I’ve seen a lot of servicars in my time, but never one like this.  Hegel brought together all of his rare parts for this one, from the Motorola Radio to the double headlight mount to the original fire extinguishers mounted on the handlebars and frame.  Tire marker mounted to the windshield, rear wheel driven siren, and a windshield mounted spotlight to top it off.  It even had the genuine Harley-Davidson issued notepad next to the right grip.  What a machine. 

This morning, Hegel and I caught up and continued to talk the bike over for an hour or two.  He even agreed to bring his brother down for the opening of the exhibit.  If you ever need work done on your servicar, he’s your guy. 

Keep an eye out for this machine in the MotorCops exhibit this fall.  The exhibit opens on September 26th and will run through our closing date of November 30th.  Its going to be one heck of an exhibit, filled with countless rare police machines and memorabilia, including one of the world’s best police servicars.

Talk to you soon!


Update: Charlie’s ’36

A while back, I shared with you one of the current projects going on in the Wheels Through Time restoration shop — Charlie’s 1936 Harley-Davidson Knucklehead.  When we last spoke, we’d made great progress on Charlie’s ’36, bringing a big pile of rare parts to the beginnings of one of Harley-Davidson’s rarest machines. 

I finished the motor a few months back, and after a 1936 transmission rebuild, we had the pile of parts looking like a real motorcycle.  Motor and transmission were in the frame, clutch and primary chain were assembled, and the tanks and fenders, painted in gold and black, were temporarily bolted on.   Since the last update, the bike has come together to near complete condition.  My friend Myron and I have been working long hours on the machine, finessing each part into perfect placement.

First step after John brought back the fenders and tanks was to bolt up both fenders to the chassis.  I had the sheet metal worked on by my friend Larry Medwig who’s quite and expert at making old fenders look brand new, so I knew that mounting them would be no problem.  The rear fender went on without a problem, but when we started to mount the front fender, we ran into our first serious problem of the restoration — the fork stem was bent.  Since this machine has to be perfect, we did a bit of backing up.  We disassembled the front end (which is always tricky when your working with fresh paint) and made the proper adjustments.   After a few minutes, we had it bolted back on and working correctly.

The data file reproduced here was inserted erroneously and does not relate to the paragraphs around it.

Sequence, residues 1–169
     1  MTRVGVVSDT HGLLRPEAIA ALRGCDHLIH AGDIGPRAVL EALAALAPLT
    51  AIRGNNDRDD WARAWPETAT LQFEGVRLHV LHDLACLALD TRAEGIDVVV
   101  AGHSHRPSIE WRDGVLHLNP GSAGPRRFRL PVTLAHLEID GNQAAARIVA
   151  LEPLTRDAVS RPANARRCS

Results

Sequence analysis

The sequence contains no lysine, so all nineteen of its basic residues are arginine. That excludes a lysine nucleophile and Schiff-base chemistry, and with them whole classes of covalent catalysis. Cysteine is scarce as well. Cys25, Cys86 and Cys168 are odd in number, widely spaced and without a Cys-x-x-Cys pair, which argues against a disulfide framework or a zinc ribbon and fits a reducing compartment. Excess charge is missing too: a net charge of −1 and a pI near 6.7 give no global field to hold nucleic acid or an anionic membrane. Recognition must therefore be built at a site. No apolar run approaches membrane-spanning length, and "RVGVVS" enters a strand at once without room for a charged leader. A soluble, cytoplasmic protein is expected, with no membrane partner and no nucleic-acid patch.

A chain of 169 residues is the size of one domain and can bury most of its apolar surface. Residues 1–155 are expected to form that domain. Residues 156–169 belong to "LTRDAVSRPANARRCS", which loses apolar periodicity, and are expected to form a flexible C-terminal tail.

After mounting both fenders, we made a few more big leaps.  Using new old stock exhaust components, we got the pipes set up, with everything going together perfectly.  I always consider this a big step, even if its just a psychological thing. 

Next was to install the oil lines.   This would normally not have gone so smoothly, but I happened to have a brand new old stock set of ’36 Knucklehead one year only  oil lines….and they went on like a glove.   After we got everything sealed up, it was time to test my motor and transmission work — fill it up with oil and see if it leaks.  Its been full for about a week now, and hasn’t leaked a drop. 

With all of the main assemblies put together, Myron and I jumped in on many of the little tasks that must be done before a bike is finished — speedometer, amp guage, oil switch, taillight, shifter linkage.  We even got the front and rear brake dialed in so I can take her for a ride right when its finished.  Myron took care of the horn, which is quite a tedious job, and managed to fit up the footboards without me noticing. 

I think after one or two more good sessions in the shop, this bike will running with the best of them.  I’ll be sure to keep you updated on the progress and will let you know how it rides when its finished.


Charlie's 1936 Knucklehead....Almost Finished

My Friend Louis Gerencer

What a day at the museum.   We started off to a busy morning with visitors coming in from all over the country, many of which were first time visitors.  I jumped in with a group of about ten folks from Michigan, showing them many of the highlights of the collection, and of course starting a few of my favorite machines every time I got the chance. 

As we rounded the corner by the board track racers, I got quite a surprise.  Who was it….none other than my old buddy Louis Gerencer.  Louis was a Harley-Davidson dealer in Elkhart, Indiana for many many years and has been around the block a time or two.  He spent countless years conquering the hills in hundreds of hillclimbs around the country, and was quite the drag racer as well.  I’ve even got a picture or two of Louis on a few of his hillclimbers going "over the top" on one wheel.  Amazing.